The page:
Everyday Post-Socialism: Working-Class Communities in the Russian Margins
Springer, 1. sep. 2016 - 261 sider
This book offers a rich ethnographic account of blue-collar workers’ everyday life in a central Russian industrial town coping with simultaneous decline and the arrival of transnational corporations. Everyday Post-Socialism demonstrates how people manage to remain satisfied, despite the crisis and relative poverty they faced after the fall of socialist projects and the social trends associated with neoliberal transformation. Morris shows the ‘other life’ in today’s Russia which is not present in mainstream academic discourse or even in the media in Russia itself. This book offers co-presence and a direct understanding of how the local community lives a life which is not only bearable, but also preferable and attractive when framed in the categories of ‘habitability’, commitment and engagement, and seen in the light of alternative ideas of worth and specific values. Topics covered include working-class identity, informal economy, gender relations and transnational corporations.
Hvad folk siger - Skriv en anmeldelse
Vi har ikke fundet nogen anmeldelser de normale steder.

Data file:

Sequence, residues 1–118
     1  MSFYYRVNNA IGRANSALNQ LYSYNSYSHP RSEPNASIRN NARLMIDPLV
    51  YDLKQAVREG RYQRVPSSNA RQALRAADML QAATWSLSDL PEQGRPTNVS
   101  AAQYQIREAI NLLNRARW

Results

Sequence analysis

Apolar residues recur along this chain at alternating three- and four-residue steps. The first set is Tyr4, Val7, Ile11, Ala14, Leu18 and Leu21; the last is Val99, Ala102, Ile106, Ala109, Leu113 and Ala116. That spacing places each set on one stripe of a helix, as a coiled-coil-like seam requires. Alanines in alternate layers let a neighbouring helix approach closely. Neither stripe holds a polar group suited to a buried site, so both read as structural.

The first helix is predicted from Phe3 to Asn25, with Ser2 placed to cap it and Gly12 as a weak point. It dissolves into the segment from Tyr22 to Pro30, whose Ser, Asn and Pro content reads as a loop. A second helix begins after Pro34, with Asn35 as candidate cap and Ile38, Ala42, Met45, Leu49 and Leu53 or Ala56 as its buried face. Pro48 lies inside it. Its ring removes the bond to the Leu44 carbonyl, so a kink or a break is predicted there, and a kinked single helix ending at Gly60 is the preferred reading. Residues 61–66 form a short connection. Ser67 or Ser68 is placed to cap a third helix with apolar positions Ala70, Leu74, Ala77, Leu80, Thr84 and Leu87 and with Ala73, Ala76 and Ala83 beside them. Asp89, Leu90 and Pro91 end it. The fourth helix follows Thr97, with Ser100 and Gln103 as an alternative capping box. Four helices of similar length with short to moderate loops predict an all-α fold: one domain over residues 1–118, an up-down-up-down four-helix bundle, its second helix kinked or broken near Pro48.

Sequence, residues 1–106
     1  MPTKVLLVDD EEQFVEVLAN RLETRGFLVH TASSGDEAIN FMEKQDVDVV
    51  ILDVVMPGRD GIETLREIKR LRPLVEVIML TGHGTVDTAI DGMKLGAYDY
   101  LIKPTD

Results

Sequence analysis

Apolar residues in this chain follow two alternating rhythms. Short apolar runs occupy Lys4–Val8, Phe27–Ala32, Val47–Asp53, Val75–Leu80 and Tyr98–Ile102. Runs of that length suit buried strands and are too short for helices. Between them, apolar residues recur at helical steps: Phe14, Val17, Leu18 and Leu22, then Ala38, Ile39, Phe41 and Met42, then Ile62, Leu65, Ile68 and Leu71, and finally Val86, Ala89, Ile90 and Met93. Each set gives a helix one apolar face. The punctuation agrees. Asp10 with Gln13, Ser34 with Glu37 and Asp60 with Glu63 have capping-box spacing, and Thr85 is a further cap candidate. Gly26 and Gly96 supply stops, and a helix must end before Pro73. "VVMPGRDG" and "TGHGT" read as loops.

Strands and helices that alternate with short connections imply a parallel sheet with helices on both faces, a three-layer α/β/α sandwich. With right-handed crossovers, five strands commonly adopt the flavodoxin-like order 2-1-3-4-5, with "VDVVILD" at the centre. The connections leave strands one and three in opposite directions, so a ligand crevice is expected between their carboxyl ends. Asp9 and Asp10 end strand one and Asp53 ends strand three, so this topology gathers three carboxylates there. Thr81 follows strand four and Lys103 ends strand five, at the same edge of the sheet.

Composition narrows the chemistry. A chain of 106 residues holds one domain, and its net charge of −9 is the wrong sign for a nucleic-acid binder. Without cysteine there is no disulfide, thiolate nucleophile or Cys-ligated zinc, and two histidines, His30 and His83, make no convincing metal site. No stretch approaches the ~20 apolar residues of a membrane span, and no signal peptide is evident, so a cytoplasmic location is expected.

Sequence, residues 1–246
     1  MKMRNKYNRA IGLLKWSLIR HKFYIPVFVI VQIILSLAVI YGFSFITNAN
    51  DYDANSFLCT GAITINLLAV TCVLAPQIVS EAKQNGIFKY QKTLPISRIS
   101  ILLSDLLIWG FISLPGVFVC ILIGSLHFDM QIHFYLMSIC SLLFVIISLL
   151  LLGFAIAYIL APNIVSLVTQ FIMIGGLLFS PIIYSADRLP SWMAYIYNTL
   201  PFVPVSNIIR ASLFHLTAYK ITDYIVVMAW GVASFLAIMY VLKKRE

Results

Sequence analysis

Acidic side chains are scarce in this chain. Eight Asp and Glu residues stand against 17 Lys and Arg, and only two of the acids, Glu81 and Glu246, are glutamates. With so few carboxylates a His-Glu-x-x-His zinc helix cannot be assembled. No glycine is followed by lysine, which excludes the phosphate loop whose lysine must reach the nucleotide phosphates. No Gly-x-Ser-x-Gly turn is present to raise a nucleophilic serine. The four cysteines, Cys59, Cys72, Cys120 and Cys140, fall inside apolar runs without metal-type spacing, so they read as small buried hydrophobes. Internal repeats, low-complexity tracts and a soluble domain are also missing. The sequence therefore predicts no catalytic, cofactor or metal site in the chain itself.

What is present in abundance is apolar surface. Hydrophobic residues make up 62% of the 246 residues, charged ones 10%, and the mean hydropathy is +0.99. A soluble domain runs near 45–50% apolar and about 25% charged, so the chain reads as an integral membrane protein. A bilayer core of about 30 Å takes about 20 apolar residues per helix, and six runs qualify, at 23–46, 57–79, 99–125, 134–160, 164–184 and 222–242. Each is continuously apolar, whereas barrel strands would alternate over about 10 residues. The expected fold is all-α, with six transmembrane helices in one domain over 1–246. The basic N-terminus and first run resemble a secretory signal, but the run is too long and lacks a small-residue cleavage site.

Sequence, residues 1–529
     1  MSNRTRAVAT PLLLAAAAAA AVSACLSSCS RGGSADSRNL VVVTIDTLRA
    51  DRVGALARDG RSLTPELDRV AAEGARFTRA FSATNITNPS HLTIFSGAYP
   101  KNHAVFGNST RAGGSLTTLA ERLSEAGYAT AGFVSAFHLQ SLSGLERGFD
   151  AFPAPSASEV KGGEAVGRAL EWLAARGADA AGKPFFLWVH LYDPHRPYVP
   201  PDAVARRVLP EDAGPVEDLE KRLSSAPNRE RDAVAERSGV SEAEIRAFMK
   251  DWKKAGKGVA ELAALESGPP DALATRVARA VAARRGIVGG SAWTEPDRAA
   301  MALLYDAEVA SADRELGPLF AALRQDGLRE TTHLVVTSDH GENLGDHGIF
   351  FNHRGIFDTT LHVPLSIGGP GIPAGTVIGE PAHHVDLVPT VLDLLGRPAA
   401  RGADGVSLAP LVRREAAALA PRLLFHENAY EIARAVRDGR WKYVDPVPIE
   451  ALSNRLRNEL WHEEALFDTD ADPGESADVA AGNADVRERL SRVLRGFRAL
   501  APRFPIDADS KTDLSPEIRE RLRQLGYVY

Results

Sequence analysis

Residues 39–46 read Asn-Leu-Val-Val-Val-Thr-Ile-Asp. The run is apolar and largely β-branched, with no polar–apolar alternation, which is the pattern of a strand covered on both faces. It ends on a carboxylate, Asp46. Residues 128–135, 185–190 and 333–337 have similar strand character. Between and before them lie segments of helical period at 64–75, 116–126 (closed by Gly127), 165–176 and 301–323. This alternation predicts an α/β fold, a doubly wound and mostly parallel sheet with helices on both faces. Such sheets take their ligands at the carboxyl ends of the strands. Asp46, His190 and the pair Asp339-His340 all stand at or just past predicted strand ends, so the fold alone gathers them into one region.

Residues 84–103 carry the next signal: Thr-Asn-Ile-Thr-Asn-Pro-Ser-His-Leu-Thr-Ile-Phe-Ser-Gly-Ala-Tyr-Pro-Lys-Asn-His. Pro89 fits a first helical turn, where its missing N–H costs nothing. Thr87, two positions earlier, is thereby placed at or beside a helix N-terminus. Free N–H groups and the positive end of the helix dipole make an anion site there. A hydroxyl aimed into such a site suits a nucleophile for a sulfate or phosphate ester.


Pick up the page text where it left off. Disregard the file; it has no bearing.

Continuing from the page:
BlueCollar Personhood After the Factory
Informal Economy Going Underground but Coming Out of the Shadows
A Womans Kingdom? Affect Care and Regendering Labour
Unhomely Presents Uncertain Futures
Unhomely Presents Trauma and Values of Endurance Among Older People
No Country for Young Men Encountering Neoliberalism in Transnational Corporations
On Personhoods in Place
Intimate Ethnography and Cross Cultural Research
Conclusions Making Habitable Lives in SmallTown Russia
Andre udgaver - Se alle
Alasheev alcohol Andrei Ashwin autonomy avtoritet blue-collar workers Burawoy capital car plant Cement chapter Clarke confrères context cultural dacha deindustrialization DeKa despite district heating drinking drivers economic Edward Elgar Elena employment enterprise ethnography Europe-Asia Studies everyday experience factory feelings femininity fieldwork flat formal Galina garage gender global habitability identity industrial informal economy insecurity Izluchino Julia Kaluga Katya kind labour lack lives London/New York Lyova marginal masculine Masha material monotown moral Morris Moscow narrative neoliberal Nikita Nonetheless normative one’s ownership particular person personhood Petr Petr’s plastic Polese Polina political Polymer Post-Socialism post-Soviet postsocialist practices precarity present production regimes relations relatively remains roubles Routledge Russian workers Saraev Sasha sense Sergei significant Skeggs skills Slava social network social wage socialist socialist-era Soviet period space Steelpipe Stenning talk taxi tion town town’s University Press urban Vanya women working-class workshop zapoi Zhenya